Monday, February 28, 2011

Facial Hair February: Final Day and Deconstruction

First, the full facial hair experience.

We have this thing called a Karma Wheel on our refrigerator. And Just before removing the beard, I spun it. It looks like I planned this, but Kathy can vouch for me.

It landed on Hair Loss, which is better than Salmonella or Annoying Phone Call for sure

And so it was to be.

The deconstruction began with removal of sideburns and sundry facial hairs.

And then, well, things got creepy.

But finally, I emerged as myself once again.

Of course now it's clear that I need a haircut. But I won't be blogging about that.

Starting tomorrow, a short story a day for an entire month. How about them apples? Also, Bambi review will be up by Wednesday. Got some stuff to do tomorrow for The Phosphene, which if you haven't checked out is turning out nicely so far. I'm excited about it, that's for sure!

Sunday, February 27, 2011

Facial Hair February: The Penultimate Day

Penultimate is definitely a ten dollar word.

The Big Announcement

Writer's Note - Okay, so, I thought I had scheduled this to post last night, but it looks like I scheduled it to post tonight instead. Oops.

Alright, folks time for the big announcement!

I have launched a new blog! It's called The Phosphene and, rather than being a blog that I write exclusively, it's a team effort. I've assembled a team of folks to write about film, music, television, books, art, and other facets of pop culture. It should be fun...right?

The reasoning behind this is that I feel like I've been doing a lot of film and record reviews here on this blog, and while it stretches my writing muscles to do so, I want to return this blog to its original purpose, i.e. a blog about my writing, not a blog for my writing. So I'll go back to posting about my struggles with writer's block and doing stuff like the excerpts and maybe even the free-write Fridays. I will, however, continue my Disney Movie Reviews here, they'll just get simultaneously posted on the new blog.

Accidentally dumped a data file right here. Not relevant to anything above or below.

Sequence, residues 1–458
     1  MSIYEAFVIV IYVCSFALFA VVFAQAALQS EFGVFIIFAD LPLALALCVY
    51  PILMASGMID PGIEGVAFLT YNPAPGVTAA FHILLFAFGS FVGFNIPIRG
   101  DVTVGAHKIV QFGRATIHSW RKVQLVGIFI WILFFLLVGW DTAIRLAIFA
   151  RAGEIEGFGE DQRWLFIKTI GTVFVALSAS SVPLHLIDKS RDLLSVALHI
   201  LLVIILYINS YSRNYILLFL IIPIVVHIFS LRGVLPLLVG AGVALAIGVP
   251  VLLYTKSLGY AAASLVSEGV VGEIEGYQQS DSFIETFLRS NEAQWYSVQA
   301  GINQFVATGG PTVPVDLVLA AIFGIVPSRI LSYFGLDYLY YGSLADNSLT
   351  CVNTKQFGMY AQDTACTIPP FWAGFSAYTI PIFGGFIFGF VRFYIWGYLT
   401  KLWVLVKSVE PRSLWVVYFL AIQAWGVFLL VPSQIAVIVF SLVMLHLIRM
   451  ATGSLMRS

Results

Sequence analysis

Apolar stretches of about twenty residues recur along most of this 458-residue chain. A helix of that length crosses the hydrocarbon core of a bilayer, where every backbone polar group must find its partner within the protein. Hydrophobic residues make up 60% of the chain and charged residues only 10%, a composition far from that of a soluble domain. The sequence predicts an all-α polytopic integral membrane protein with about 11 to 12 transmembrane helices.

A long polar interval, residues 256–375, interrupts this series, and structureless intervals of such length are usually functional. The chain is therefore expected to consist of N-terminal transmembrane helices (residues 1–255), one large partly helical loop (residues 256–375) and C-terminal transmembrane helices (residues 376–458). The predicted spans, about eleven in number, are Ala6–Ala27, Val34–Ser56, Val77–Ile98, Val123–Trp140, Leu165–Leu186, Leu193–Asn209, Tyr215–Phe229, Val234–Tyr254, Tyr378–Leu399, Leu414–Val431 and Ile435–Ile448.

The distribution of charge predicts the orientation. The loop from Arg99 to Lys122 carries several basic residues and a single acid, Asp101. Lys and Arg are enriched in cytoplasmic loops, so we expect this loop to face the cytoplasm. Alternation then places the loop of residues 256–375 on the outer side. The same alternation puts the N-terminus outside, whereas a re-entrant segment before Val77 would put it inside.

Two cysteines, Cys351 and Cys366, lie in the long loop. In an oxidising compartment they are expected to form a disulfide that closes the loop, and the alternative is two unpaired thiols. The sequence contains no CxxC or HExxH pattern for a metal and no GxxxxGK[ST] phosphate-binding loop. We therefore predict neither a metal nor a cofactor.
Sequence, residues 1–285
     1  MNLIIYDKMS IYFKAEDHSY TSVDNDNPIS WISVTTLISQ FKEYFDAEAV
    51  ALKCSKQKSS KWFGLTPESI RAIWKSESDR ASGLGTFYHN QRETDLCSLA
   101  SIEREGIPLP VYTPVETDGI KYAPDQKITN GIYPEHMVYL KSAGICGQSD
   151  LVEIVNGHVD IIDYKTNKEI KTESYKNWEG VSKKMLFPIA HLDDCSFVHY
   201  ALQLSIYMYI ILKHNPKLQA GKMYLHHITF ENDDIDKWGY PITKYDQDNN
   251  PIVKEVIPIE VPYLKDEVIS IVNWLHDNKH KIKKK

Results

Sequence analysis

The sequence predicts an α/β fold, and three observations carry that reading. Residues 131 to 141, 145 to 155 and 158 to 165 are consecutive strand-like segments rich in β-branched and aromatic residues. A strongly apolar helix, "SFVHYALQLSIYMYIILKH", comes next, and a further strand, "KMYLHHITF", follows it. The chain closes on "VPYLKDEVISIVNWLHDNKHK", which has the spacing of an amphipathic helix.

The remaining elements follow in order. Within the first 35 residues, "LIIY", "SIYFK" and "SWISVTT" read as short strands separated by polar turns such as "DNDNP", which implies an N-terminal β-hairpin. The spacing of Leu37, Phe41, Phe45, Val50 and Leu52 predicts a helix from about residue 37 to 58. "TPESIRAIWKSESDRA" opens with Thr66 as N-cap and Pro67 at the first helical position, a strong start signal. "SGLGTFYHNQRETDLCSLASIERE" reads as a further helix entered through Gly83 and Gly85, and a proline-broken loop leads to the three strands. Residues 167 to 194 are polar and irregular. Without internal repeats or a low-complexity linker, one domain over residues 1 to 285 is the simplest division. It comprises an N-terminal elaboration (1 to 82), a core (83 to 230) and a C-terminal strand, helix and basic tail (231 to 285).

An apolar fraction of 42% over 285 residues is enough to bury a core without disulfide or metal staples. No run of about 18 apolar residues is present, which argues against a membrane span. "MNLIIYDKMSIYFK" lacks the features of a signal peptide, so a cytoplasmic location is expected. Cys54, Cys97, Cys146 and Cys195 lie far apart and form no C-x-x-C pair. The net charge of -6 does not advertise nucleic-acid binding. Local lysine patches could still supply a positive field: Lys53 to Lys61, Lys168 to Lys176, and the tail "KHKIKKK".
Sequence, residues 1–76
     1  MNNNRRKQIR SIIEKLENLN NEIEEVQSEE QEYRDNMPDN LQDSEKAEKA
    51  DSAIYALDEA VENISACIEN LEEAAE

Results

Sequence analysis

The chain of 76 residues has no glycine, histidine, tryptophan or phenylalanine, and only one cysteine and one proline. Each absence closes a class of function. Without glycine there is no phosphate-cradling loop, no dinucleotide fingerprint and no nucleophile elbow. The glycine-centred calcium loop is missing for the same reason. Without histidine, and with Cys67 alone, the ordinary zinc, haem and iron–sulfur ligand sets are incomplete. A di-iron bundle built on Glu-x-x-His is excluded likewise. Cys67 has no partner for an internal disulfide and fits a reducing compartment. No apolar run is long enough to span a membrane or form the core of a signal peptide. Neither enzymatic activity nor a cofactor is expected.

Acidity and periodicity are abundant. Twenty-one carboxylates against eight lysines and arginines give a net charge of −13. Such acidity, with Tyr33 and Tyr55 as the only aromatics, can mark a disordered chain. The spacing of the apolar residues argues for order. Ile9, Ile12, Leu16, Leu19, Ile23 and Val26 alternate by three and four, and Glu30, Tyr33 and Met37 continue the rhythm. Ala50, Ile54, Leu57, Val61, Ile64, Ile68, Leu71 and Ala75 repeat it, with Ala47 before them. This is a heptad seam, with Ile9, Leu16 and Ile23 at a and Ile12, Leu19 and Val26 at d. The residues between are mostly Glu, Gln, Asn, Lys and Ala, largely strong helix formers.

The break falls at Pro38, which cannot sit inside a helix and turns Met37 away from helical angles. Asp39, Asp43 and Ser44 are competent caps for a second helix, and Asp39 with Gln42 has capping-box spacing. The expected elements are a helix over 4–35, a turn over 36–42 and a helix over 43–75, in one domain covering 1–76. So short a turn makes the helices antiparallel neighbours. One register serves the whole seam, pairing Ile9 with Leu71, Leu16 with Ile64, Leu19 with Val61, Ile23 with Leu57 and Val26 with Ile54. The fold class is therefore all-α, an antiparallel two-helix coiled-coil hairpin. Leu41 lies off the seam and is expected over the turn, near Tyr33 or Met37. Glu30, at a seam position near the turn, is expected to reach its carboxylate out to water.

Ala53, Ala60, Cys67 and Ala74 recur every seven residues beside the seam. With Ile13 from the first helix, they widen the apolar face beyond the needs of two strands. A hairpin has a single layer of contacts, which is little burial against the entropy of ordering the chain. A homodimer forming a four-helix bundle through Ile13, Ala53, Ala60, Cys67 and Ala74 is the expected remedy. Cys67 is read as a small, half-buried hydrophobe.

So go check it out! Tell your friends! You can even follow the new blog on Twitter or even Like us on Facebook.

That's all for now!

Saturday, February 26, 2011

Friday, February 25, 2011

Facial Hair February: Day 25

Today did not go as planned. Big announcement tomorrow.

Thursday, February 24, 2011

Wednesday, February 23, 2011

Facial Hair February: Day 23

And stay tuned for a BIG ANNOUNCEMENT in the next few days.

No, I am not going to be a father again.

Review: Dumbo

Dumbo, the fourth film on my Disney Animated Film Adventure, which at one time vied with Robin Hood and Aladdin as my favorite of the Disney animated films, is a dramatically different kind of film than its three predecessors. Where Snow White, Pinocchio and Fantasia are visually complex, Dumbo is simple. Simple, too, is the storyline. Like Fantasia, this film is not based on a fairy tale as the first two films were, but of course Fantasia had rich source material from which to work, namely the pieces of music which were used. Dumbo is based on a rather simplistic prototype for a new toy called a "Roll-A-Book." The toy was developed using eight drawings and a few short lines of text describing what was happening in the book, when Disney writers took it and fleshed the story out. It's simple, basic and charming, without the heavily terrifying elements we've seen in the previous films.

The film starts with a lightning bolt and thunder and a voice crying "Through the snow, and sleet, and hail / Through the blizzard, through the gale / Through the wind and through the rain / Over mountain, over plain / Through the blinding lightning flash / And the mighty thunder crash / Ever faithful, ever true / Nothing stops him, he'll get through!" And then we find out he's talking about a Stork. Many storks, in fact, deliver a bunch of baby animals to a circus in Florida in what is one of the most cutest ever animated segments ever ever. Really.

The action starts when an elephant does not get a baby, and she's sad. She doesn't say she's sad, you just see it. In fact, there's very little dialog through the first part of this film. Finally, while the circus is packed onto the train, a stork shows up with a baby elephant. This baby elephant is our hero, though we don't know that until he gets dropped into his mother's trunk and his ears flap out in an explosive sneeze. Yup, those ears.